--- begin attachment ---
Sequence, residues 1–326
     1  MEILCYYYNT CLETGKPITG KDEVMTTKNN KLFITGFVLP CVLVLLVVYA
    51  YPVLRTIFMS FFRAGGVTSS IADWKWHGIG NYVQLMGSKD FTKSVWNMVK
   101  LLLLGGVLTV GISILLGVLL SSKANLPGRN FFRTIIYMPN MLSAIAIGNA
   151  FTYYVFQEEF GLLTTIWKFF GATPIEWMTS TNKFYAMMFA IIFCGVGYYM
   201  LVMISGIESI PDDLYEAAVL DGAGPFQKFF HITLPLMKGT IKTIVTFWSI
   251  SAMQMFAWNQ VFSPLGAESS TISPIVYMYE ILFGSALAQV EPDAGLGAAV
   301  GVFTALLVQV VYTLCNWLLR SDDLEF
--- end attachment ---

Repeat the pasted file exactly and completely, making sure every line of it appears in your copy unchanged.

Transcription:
Sequence, residues 1–326
     1  MEILCYYYNT CLETGKPITG KDEVMTTKNN KLFITGFVLP CVLVLLVVYA
    51  YPVLRTIFMS FFRAGGVTSS IADWKWHGIG NYVQLMGSKD FTKSVWNMVK
   101  LLLLGGVLTV GISILLGVLL SSKANLPGRN FFRTIIYMPN MLSAIAIGNA
   151  FTYYVFQEEF GLLTTIWKFF GATPIEWMTS TNKFYAMMFA IIFCGVGYYM
   201  LVMISGIESI PDDLYEAAVL DGAGPFQKFF HITLPLMKGT IKTIVTFWSI
   251  SAMQMFAWNQ VFSPLGAESS TISPIVYMYE ILFGSALAQV EPDAGLGAAV
   301  GVFTALLVQV VYTLCNWLLR SDDLEF